A 19th Century Idea for Health Reform
Today’s idea: To get healthy young Americans into the insurance pool, pay them bonuses if it turns out they’re correct in their belief that they won’t get sick, say two academics.
Health | Floundering health-care reform plans in need of new ideas? Writing in Regulation magazine, Tom Baker and Peter Siegelman offer an old and nearly forgotten one.
They suggest copying the wildly popular “tontine” life-insurance policies of the mid-1800’s, which paid a bonus if the insured happened to outlive the policy’s term. The writers think that applying the same concept to health coverage would, consistent with behavioral economics, entice the all-important, uninsured “young invincibles” into the insurance pool and reduce costs for everyone:
True, the authors note, tontines (named after an Italian banker) were outlawed in life insurance in 1905, after a political scandal stemming from all the cash they generated. Thus tontines were victims of their own success, the authors say, but there was nothing intrinsically wrong with them as insurance products. [Regulation]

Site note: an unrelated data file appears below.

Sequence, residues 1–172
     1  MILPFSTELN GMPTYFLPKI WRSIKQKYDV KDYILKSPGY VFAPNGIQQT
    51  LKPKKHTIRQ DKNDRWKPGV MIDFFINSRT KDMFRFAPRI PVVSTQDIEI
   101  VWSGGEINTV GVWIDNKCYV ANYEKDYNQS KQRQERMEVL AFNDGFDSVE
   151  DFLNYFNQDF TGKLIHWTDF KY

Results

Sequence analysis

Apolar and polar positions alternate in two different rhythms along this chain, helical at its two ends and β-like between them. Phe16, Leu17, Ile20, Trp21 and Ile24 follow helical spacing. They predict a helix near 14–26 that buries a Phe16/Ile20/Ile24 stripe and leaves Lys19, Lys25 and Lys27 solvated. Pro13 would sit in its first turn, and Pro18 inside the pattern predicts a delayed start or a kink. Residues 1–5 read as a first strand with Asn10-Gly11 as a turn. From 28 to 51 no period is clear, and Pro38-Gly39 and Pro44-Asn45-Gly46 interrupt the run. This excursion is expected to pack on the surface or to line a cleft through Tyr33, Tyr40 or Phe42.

The simplest arrangement would award the bonus to those who did not consume more than a threshold value of medical care during a three-year period, potentially excluding preventive care. … Ordinary health insurance provides a tangible benefit only when you need health care. Tontine insurance pays a cash benefit when you don’t use it, as well as covering your medical expenses when you do. As such, tontine insurance is structured to be maximally attractive to those who have an overly optimistic assessment of risk.